Brian Ortega Says Lengthy Layoff Has Helped Him Refocus

It’s been almost two years since Brian Ortega’s brutal TKO loss to Max Holloway and as he prepares to step back into the Octagon for the first time he says that the lengthy layoff has helped him learn some valuable lessons, recharge his batteries and refocus ahead of his headlining fight with The Korean Zombie on Saturday night.

“I feel at peace now, so it’s definitely helped,” Ortega told “All this has definitely helped. Before I felt like I was living life in the fast lane. Especially because my agent he works double-time. It’s not like fighters where you fight and then you’re good. He’s like, ‘No, champ, check this out. After you fight, you’re allowed to have a one-week break. If you’re not broken, I’ve already set you up to fly to Chicago, I’ve set you up to fly to New York.’ I have this, I have that.

“Obviously, when you’re making money, you’re making moves, it feels good. Living in the fast lane has its great things, it’s a bit lonely but you hear it all the time. It’s lonely at the top. So for me I was like, ‘F*ck it, it’s lonely. Hotels are my new home.’ It’s why airplanes and hotels are what I call home. But when it all stops and you have that heartbreak and then you finally see how great it is also on the other side and life is a bit slower, you learn—at least I learned—to appreciate things more.”

It wasn’t until the Holloway loss that he was able to see what he’d been missing.

“I got to connect with my people again [after the Holloway fight]. And they told me, ‘Yeah, we’ve been disconnected on a different level. We’re proud of you so we’re not gonna tell you nothing, we want you to keep winning. But once this happened, we got Brian back.’

“To hear that from everyone, not just one friend or two friends, but from my parents and my sisters, my family and everyone it was like, ‘F*ck, sorry. I didn’t even see it.’ I was just happy, I was riding this wave and f*ck, I forgot to look around. I can finally train and get everything better again.”

The defeat also proved to be a wake-up call that it was time to rediscover his passion for the sport and evolve his fight game.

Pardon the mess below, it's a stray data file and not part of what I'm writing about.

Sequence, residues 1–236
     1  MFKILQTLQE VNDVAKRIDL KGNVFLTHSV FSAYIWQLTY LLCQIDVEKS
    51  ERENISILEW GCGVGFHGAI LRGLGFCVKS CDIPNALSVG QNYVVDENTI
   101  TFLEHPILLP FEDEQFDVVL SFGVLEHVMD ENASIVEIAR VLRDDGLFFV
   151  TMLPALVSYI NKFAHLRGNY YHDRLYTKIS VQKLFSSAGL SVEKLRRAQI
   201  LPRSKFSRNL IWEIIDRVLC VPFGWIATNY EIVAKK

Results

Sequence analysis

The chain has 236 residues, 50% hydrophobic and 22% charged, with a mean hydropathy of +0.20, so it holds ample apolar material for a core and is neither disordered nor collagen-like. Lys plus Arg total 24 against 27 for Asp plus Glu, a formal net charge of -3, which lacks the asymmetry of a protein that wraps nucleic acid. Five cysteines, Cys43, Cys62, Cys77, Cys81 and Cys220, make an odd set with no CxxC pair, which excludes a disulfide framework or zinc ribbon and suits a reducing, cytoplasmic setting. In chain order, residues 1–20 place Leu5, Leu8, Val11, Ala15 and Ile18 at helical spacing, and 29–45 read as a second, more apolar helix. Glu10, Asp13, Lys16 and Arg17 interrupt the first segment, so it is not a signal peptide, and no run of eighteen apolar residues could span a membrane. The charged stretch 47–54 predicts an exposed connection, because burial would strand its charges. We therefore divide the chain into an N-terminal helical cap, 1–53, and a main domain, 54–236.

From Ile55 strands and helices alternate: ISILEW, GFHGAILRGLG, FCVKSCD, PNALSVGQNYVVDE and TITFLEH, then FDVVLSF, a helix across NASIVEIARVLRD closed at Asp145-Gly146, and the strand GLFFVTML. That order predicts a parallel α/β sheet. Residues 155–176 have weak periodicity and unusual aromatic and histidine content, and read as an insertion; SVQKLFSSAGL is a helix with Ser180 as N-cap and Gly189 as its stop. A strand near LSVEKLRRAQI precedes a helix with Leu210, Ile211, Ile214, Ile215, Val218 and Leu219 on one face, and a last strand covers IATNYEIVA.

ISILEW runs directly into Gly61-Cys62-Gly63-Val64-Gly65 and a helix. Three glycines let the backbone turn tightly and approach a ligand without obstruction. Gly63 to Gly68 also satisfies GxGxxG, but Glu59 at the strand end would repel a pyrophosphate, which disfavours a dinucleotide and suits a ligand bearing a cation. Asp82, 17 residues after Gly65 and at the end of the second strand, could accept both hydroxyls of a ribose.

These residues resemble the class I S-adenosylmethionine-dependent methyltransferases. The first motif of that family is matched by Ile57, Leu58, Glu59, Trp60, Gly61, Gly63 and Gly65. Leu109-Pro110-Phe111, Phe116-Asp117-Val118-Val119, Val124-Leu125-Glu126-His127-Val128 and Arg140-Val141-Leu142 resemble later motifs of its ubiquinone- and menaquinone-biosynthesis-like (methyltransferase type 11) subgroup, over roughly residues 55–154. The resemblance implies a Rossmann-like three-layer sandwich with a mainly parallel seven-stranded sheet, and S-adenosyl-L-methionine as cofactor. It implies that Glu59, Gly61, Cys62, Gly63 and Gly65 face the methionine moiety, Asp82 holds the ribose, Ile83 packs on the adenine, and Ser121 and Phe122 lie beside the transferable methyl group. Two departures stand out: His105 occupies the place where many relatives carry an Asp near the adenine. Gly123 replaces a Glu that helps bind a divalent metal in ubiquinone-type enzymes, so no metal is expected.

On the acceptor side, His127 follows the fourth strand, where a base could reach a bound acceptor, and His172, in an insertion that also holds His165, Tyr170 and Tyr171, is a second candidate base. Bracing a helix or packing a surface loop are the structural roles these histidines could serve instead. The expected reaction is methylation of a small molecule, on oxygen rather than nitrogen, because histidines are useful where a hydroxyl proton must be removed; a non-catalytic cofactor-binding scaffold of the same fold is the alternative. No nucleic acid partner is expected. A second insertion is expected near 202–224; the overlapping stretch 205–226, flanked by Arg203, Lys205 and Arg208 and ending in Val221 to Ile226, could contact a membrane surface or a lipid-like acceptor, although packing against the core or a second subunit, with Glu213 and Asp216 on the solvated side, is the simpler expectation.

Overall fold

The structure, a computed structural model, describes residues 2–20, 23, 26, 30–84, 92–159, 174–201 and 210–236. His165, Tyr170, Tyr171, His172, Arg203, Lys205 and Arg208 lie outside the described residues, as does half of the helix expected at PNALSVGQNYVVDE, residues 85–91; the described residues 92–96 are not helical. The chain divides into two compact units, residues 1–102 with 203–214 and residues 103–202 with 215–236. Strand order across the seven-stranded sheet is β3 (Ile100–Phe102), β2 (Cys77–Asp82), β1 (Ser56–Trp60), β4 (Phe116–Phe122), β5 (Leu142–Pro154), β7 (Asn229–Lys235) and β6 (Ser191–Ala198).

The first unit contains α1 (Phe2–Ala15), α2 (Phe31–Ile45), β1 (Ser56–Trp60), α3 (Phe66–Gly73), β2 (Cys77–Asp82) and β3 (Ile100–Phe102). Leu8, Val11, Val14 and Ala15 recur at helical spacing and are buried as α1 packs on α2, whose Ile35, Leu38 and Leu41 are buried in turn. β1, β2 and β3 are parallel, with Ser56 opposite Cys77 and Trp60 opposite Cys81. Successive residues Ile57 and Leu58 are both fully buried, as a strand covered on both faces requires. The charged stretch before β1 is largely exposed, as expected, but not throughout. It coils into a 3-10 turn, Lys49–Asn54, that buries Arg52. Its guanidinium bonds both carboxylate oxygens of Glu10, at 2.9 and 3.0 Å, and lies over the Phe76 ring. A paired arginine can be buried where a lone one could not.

“When you’re in a relationship for a long time, you learn to hate whoever you’re with and I think it’s normal. I think everyone who’s been there for over 15 years can relate to me. Or anyone who’s been in any type of relationship with anything or anyone. It just comes a point where it’s just too much work or you get too comfortable with it or whatever, you don’t get those butterflies anymore. Like the whole, ‘I’m excited to keep doing this.’

“I’ve been training since I was five years old. So for me I’ve had a 25-, 26-year relationship with it. When you’ve known nothing but punching men and punching bags and training in jiu-jitsu and MMA. I started MMA at 15, I had 11-0 amateurs by the time I was 19 and then I went pro and had 15 fights there. I had two surgeries and all these things. I was always involved in it and it just, for some reason getting closer to my fight with Max I fell out of love with it. It turned more into a job than what I do that I love. The fact that it is a job, it makes you go, ‘Dude, you’re grown up. Do the job.’ But finally, it took this loss to go, ‘Listen, you’ve been getting away with all your other stuff but it’s not working anymore. Now you need to better all this.”

“And the reason I didn’t want to better everything else was because I was too stuck on my pride. I didn’t want to go and do wrestling practice because I know I would suck at it. I didn’t want to go do this because, like anyone who starts something that they’ve never done at a beginner level, you feel vulnerable, insecure, or you don’t know how to do it. And for me, I was like, man, I don’t want that feeling.

“The whole world thinks I’m the man right now. I think I’m the man right now, I’m winning all these fights. I don’t want to feel like I suck.”

Ortega admits that there have been some large holes in his game and he’s become excited to now round out his skill-set and become a more complete mixed martial artist heading into his next fight.

“I’m excited to go to the gym and see what the hell I’m gonna learn or what I can perfect again or what I can do better than I was doing before, what I can make land better than I did before. What I can do to takedown the way that I did every opponent. This whole thing has just been, ‘Wow, this is what MMA is.’ I’ve only done jiu-jitsu and boxing my entire career and I didn’t really have the most technical side of the standup before. It was just like, ‘You got this, just put your chin down and swing away.’ Let’s hit the mitts so you have cardio.

“But now it’s like, no, check this out, these are called angles, so you don’t get hit. This is called defense so you don’t have to use your warrior mentality. So I was thinking that day when I posted that I was like, I’m so f*cking in love again with everything that it’s like I found my butterflies again.”

Ross launched MMA Insight (previously in 2009 as a way to channel his passion for the sport of mixed martial arts. He's since penned countless news stories and live fight reports along with dozens of feature articles as the lead writer for the site, reaching millions of fans in the process.